Economic meltdown hinders US pork exports
Limited credit availability, volatile currency exchange
rates and global economic uncertainty will create an uphill climb for US beef
and pork exports in many foreign markets for the remainder of the
This was common theme provided by directors of the US Meat Export
Federation's (USMEF) international offices at the USMEF Strategic Planning
Conference in Tucson, Ariz. Despite these obstacles, however, both products have
performed extremely well in 2008, and are well-positioned for continued
Greg Hanes, USMEF Japan
director noted that seafood consumption is trending downward creating
opportunities for red meat. The strength of the yen against the US dollar and
most other currencies also has enhanced Japan's appetite for imported products.
Through August, US pork exports to Japan have increased 29 percent in value over
the same period last year, while beef exports have increased 64 percent. But the
market holds even greater potential if market access can be
According to Hanes, Japan's gate-price system for imported pork
hinders imports to some degree by moderating the current purchasing power of the
yen. But that obstacle is not likely to go away until further progress in made
in the Doha round of the World Trade Organization negotiations.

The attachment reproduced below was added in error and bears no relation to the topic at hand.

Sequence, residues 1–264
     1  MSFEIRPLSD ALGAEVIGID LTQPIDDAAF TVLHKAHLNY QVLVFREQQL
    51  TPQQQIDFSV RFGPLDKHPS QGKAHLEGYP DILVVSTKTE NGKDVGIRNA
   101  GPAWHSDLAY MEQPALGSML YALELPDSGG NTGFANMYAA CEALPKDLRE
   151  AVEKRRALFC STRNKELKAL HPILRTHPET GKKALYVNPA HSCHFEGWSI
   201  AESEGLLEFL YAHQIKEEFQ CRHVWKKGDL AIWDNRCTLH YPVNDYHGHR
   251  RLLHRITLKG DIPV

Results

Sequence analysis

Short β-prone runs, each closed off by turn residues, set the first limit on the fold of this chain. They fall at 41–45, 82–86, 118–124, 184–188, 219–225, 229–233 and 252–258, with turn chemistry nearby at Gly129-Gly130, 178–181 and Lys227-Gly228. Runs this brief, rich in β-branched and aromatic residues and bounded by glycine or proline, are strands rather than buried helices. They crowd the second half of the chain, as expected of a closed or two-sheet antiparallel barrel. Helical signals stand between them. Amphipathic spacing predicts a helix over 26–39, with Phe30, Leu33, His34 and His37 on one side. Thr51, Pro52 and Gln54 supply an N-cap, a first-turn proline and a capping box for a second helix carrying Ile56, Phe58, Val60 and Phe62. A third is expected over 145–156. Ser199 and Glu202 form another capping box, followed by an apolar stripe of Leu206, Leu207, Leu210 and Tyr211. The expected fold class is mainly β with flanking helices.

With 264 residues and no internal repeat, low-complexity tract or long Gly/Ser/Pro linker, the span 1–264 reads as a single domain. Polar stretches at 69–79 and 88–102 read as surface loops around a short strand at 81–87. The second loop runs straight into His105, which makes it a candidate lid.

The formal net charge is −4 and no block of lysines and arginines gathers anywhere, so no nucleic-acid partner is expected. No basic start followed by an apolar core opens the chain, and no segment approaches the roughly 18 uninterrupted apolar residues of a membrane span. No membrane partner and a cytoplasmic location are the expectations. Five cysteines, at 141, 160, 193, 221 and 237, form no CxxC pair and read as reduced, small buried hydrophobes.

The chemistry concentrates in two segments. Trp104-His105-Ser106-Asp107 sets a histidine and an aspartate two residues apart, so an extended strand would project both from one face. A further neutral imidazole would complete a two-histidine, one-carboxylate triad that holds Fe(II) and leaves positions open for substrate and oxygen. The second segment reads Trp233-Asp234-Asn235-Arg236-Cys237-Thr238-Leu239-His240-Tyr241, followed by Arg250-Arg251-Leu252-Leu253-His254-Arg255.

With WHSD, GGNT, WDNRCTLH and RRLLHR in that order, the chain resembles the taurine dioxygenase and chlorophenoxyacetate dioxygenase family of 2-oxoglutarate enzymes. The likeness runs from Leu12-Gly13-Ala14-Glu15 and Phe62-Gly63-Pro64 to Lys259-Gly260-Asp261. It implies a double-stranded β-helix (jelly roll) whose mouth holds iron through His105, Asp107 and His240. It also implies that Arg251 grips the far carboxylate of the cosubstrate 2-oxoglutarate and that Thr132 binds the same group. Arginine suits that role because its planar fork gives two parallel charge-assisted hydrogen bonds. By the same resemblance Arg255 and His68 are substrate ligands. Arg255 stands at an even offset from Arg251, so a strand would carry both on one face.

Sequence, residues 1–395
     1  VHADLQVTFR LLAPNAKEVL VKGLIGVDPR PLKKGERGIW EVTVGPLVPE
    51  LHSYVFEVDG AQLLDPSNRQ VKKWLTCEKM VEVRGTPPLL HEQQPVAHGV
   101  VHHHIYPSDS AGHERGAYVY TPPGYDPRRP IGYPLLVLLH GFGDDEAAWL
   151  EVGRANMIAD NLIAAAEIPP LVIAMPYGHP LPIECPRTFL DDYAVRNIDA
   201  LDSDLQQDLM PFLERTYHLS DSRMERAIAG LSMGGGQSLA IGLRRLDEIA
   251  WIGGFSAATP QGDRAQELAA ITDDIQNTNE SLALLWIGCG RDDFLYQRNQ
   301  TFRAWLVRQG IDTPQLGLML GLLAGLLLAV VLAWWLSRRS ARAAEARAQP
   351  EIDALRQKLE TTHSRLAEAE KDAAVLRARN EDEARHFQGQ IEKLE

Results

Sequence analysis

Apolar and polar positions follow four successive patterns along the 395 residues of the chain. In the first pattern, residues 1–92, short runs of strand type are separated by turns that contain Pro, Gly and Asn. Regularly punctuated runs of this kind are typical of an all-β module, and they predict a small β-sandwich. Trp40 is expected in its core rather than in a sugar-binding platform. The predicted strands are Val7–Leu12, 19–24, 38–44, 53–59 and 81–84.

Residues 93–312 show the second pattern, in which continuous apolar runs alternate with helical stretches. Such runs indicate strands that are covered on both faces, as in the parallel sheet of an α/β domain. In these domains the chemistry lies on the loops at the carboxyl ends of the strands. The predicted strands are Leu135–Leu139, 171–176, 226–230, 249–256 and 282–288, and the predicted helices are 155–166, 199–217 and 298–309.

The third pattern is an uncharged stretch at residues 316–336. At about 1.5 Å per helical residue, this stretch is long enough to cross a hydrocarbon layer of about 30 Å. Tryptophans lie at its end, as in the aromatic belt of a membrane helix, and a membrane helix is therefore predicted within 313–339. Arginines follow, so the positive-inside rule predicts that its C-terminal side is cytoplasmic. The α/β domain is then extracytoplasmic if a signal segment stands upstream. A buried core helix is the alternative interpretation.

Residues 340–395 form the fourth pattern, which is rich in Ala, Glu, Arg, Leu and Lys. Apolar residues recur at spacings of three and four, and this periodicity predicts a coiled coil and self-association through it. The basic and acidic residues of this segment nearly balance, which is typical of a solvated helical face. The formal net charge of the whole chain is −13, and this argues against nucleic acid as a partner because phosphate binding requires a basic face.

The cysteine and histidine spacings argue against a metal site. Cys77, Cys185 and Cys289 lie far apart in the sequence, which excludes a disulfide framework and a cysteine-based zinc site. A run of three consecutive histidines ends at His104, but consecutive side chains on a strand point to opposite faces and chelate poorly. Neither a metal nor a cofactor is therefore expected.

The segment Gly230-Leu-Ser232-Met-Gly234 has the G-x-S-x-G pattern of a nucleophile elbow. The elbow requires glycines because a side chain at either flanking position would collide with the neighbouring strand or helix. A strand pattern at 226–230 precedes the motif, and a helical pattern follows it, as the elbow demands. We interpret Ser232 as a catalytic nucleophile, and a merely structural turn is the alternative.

Other markets have been much more
heavily impacted by economic conditions and the surging value of the US dollar.
South Korea, for example, has had a sluggish economy, and the Korean won has
performed poorly in 2008 versus the US dollar. Still, Korea has increased its
imports of US pork by 47 percent in volume and 28 percent in value over last
Russia – a rapidly emerging market for
both US beef and pork – has also been slammed by the devaluation of its currency
as well as a severe drop in oil revenues and other economic issues.“Russia is
oversupplied and overstocked,” said John Brook, USMEF director for Europe,
Russia and the Middle East. “There is a period of correction going on, which
could last several months.”
Still, Brook is very excited about the
prospects for US beef and pork in Russia, as evidenced by their performance in
the first eight months of 2008.
Mexico is currently the largest foreign market for US beef and
third-largest for US pork, but the recent devaluation of the peso has caused
exports to slow from the record-breaking totals reached earlier in the year.
Joel Haggard, USMEF senior vice
president for the Asia Pacific region, discussed the massive increase in US pork
exports that entered China during the first half of 2008, and the reasons behind
a recent slowdown.
With regard to China, the slower pace of pork exports
appears to be more related to shifts in China's policy priorities rather than
current economic conditions.
Another factor USMEF is watching closely,
Haggard said, is the food safety problem China has experienced with melamine
contamination. While this issue is not related to US imports, it remains to be
seen if it will cause any consumer backlash with regard to livestock-related
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